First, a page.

AVERAGE Scottish house prices are forecast to fall back by around 5% this year by Rettie & Co.

The upmarket estate agent also highlighted the fact that “landlords are continuing to depart the rental sector, leading to lack of availability and a spike in advertised rents”.

Rettie & Co characterised the housing market as “more complicated and expensive” in its summer report.

It noted that house sales were down 10% in the January to May period, compared with the same period last year.

It is forecasting that sales transactions will drop by around 15% over the course of the year.

John Boyle, Rettie & Co’s director of research and strategy, said: “When you add rising interest and mortgage rates to slower or negative house price growth, the picture is far from rosy for households in Scotland. However, the market is continuing to function even if at a slower pace. On the rental side, the reduction in supply combined with increased demand, set against an unhelpful legislative environment, is seeing a steep rise in advertised rents and a lack of availability.”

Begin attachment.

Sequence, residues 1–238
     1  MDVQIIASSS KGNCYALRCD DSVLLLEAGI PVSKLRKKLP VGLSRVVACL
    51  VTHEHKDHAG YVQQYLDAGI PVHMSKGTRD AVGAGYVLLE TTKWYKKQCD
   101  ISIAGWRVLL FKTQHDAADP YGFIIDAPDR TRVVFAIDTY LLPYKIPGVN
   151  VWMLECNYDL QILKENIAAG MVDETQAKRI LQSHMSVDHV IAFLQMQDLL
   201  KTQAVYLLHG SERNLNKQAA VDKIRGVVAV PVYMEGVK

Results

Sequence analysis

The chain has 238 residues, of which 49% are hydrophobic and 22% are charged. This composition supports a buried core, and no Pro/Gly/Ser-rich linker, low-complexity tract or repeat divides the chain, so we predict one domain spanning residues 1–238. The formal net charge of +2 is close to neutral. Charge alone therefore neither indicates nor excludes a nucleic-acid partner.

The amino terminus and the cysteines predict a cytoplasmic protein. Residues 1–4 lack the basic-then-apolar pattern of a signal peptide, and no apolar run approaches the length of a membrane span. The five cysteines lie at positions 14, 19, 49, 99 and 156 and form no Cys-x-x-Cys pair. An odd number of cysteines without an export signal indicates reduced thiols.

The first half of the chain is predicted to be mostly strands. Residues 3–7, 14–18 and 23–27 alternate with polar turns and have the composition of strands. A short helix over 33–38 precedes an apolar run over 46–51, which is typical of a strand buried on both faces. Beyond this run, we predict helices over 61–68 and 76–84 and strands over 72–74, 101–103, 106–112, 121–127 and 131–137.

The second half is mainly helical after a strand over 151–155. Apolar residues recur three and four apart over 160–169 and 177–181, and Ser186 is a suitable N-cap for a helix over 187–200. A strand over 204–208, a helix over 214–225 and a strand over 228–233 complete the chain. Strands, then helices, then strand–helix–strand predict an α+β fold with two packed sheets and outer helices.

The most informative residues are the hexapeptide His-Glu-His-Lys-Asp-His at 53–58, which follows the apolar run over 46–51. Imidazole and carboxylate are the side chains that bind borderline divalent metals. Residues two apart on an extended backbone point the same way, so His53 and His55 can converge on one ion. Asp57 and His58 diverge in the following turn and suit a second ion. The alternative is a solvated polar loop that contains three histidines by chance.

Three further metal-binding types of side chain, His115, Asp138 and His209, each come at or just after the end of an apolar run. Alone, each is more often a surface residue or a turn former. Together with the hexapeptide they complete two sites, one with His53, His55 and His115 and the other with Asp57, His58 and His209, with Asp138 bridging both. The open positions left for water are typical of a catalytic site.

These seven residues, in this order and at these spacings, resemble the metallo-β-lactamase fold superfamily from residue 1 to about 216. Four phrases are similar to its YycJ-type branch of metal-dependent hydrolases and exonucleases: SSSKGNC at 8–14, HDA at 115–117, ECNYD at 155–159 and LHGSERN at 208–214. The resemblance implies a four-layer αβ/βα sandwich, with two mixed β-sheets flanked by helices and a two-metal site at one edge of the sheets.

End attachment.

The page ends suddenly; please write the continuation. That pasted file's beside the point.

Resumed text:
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Rettie & Co observed that, although sales have slowed, “there remains an appetite for people to sell”. The value of properties being listed is broadly comparable with last year, it noted, although it said sales would take longer in the slowing market.

Over the last three months, the supply of new properties coming to the market in Edinburgh is around 10% higher than the same period last year, its research shows.

In Glasgow, Rettie & Co noted “supply has followed the downward trend in registered sales, falling back by approximately 14% year-on-year".

The estate agent said the main challenge in most parts of the housing market is the rising cost of mortgages.

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It added: “The latest Bank of England decision to raise base rates to 5%, aimed at curbing inflation, will see mortgage rates rise further. The average cost of a mortgage on a Scottish property is now higher than the average rent.

“A period of slower or negative house price growth, with material and labour costs remaining high, will slow down housing delivery, likely leading to subdued new-build activity.”

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It highlighted tightness in the rental market.

The estate agent said: “Rent increases for newly advertised properties are being driven by strong competition for a smaller supply of available housing. With new legislation in the pipeline, there is likely to be a further reduction in supply, at a time of increasing demand, as landlords continue to leave the sector and new investors are deterred.”

It expects “prime markets to remain more robust” as supply remains below demand.

Rettie & Co declared first-time buyers “will find market conditions increasingly challenging”.